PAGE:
Helping Childhood Cancer Survivors Navigate Later Years
Most develop chronic health problems in adulthood
The powerful cancer treatments that save children's lives often have a toxic kickback in the form of long-term chronic health problems as patients get older. A story in the July 31 Chicago Tribune reports on those problems and a program at the Robert H. Lurie Comprehensive Cancer Center of Northwestern University that focuses on the health care of adults who are survivors of childhood cancer.
The STAR program -- Survivors Taking Action & Responsibility -- is a clinical, research and education program for adult survivors of childhood cancer. STAR was started and is coordinated by Karen Kinahan, a pediatric oncology nurse.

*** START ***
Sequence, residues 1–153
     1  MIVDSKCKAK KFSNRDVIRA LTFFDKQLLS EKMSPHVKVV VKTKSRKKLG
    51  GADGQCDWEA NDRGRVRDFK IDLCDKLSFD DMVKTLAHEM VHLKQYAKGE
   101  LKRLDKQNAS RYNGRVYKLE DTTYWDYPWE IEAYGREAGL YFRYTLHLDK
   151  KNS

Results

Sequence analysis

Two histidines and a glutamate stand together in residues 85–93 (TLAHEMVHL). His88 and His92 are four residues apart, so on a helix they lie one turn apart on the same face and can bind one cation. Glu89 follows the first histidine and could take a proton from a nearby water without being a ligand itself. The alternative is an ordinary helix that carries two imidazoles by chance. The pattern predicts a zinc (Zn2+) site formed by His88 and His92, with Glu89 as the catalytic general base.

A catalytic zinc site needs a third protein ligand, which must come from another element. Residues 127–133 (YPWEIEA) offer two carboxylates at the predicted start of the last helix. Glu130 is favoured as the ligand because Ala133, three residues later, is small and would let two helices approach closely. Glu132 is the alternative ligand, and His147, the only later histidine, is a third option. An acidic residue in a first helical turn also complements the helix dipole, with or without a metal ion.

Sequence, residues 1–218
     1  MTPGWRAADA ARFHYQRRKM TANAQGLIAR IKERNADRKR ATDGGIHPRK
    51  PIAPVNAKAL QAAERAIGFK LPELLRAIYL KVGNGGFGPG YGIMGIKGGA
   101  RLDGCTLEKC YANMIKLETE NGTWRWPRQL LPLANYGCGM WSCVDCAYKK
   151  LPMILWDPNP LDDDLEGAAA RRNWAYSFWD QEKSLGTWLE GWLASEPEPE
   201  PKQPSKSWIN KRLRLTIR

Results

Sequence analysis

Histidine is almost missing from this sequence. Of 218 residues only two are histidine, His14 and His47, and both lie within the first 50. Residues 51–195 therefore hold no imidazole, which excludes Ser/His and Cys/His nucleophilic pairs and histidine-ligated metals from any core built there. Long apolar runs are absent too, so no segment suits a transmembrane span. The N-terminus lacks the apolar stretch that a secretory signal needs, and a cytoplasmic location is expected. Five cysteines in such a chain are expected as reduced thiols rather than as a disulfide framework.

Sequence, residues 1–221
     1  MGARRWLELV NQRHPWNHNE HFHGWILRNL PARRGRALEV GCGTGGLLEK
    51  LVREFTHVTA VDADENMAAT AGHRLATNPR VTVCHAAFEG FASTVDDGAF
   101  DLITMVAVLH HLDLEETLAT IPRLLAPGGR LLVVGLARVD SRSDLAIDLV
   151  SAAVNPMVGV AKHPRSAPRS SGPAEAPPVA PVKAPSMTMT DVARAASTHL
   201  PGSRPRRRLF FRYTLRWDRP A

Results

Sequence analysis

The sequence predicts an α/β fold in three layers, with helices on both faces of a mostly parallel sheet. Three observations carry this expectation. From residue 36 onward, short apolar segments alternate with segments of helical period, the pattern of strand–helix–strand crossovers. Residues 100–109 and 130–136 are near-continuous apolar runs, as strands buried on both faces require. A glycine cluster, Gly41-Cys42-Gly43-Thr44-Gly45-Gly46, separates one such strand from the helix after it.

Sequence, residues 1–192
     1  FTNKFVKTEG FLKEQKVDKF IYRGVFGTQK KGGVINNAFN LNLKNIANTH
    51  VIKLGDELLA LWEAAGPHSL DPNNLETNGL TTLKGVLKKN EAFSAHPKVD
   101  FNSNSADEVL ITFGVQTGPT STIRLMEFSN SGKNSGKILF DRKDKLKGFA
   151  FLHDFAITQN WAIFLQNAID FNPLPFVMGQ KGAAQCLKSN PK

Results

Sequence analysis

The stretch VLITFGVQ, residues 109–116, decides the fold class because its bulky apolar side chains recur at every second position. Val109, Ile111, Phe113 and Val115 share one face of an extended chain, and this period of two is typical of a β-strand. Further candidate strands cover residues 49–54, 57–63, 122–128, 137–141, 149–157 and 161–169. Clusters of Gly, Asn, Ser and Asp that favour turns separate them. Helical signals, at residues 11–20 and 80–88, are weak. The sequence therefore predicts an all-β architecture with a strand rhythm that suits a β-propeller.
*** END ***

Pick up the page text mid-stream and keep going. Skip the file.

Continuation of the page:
"The cure rate for most childhood cancers is 80 percent, and that's pretty good," Kinahan told Tribune columnist Dawn Turner Trice in the story that ran on the front page of the Health & Family section. "But it's not good for someone to be cured of cancer only to have other lasting problems."
Childhood survivors are more vulnerable to early breast cancer and other secondary cancers, heart disease, brain tumors, fragile bones, depression and anxiety.
STAR offers psychological counseling, medical treatment and preventive care such as cancer screenings, bone density scans, hormone tests, EKG and echocardiograms and mammograms, the Tribune story said. Many of STAR’s patients come from the Ann & Robert H. Lurie Children's Hospital and transfer into the program when they're about 20 to 25 years old and at least five years post-diagnosis.
Kinahan recently produced a web video for childhood survivors to teach them about the long-term effects. The video includes the voices of young adult survivors as well as Northwestern doctors who specialize in this field.
Many people, including physicians, aren’t aware of the long-term health risks of childhood cancer treatments, the Tribune story noted.